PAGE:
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SUVA, Fiji (Fiji Times, June 8) – Fiji may soon have a practical, environmentally friendly and economical fuel source if research at the University of the South Pacific is anything to go by.

Chemists at the University of the South Pacific’s School of Natural Resources believe that industries and individuals would be better placed in using non-toxic and biodegradable mono alkyl esters.

This fuel can be used in any diesel engine without any need for any modification, said Master of Science student Radhika Singh.

It is much cleaner in a sense that it wouldn’t clog your filters up.

The campus ongoing bio-fuel research has been sponsored by [South Pacific Applied Geoscience Commission] SOPAC and is targeting a practical application of the energy source in industries.

The fuel is basically a mixture of oil and alcohol that the university has been developing since July last year. It can be used in place of kerosene.

This has not been done on a practical scale in Fiji before, said Chemistry Professor, Vincent Bowry.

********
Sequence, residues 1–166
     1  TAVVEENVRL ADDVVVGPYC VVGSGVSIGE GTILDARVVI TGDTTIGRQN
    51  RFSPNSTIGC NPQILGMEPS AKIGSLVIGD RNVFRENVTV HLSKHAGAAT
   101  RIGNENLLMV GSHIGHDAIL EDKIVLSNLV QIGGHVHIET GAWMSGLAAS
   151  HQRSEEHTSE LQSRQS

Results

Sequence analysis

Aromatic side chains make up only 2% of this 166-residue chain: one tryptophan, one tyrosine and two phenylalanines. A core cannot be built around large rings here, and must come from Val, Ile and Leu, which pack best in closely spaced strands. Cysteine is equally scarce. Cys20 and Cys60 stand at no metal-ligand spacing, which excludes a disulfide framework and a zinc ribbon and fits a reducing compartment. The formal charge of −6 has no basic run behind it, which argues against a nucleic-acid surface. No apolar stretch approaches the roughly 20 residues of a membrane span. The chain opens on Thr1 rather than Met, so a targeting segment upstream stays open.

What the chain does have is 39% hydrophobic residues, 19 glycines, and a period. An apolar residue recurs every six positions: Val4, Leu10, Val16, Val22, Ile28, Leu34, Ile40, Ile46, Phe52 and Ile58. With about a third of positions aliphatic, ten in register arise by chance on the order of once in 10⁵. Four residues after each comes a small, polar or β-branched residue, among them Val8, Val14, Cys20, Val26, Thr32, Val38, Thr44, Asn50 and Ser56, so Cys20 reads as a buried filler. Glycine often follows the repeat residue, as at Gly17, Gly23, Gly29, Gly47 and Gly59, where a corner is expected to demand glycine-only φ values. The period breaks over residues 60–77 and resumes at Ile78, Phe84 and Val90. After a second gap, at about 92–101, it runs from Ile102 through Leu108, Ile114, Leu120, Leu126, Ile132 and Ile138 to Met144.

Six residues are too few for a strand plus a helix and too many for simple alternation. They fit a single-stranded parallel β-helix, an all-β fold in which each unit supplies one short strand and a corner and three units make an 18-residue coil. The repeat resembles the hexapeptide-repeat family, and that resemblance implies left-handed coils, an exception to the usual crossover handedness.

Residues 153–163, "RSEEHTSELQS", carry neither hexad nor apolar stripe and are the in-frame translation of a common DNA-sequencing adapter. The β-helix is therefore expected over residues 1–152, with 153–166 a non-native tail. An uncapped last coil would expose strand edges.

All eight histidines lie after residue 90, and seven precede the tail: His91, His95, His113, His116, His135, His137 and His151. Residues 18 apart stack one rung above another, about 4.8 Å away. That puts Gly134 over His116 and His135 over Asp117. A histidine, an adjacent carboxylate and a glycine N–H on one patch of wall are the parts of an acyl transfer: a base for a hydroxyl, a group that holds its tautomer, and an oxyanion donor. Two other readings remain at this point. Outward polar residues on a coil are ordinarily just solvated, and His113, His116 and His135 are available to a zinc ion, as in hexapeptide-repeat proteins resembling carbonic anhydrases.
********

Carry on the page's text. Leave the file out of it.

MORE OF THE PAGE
Mr. Bowry said the raw materials for producing bio-diesel could be derived from waste oil or coconut oil.

The University of the South Pacific has been proving chemical expertise quality control and analysis of the bio-diesel. The benefits of bio-diesel are that it is highly biodegradable, non toxic, with a substantial reduction in carbon monoxide emission and environmentally friendly.

He said countries in Europe are using diesel that is blended with about 20 per cent of bio-diesel. Fiji uses 100 per cent diesel. The chemist hoped that regional countries could tap into bio-diesel given the abundance of raw materials like coconuts. Given the consistent fuel price hikes, the academic said bio-diesel could be seen as a cheaper alternative.

June 9, 2006

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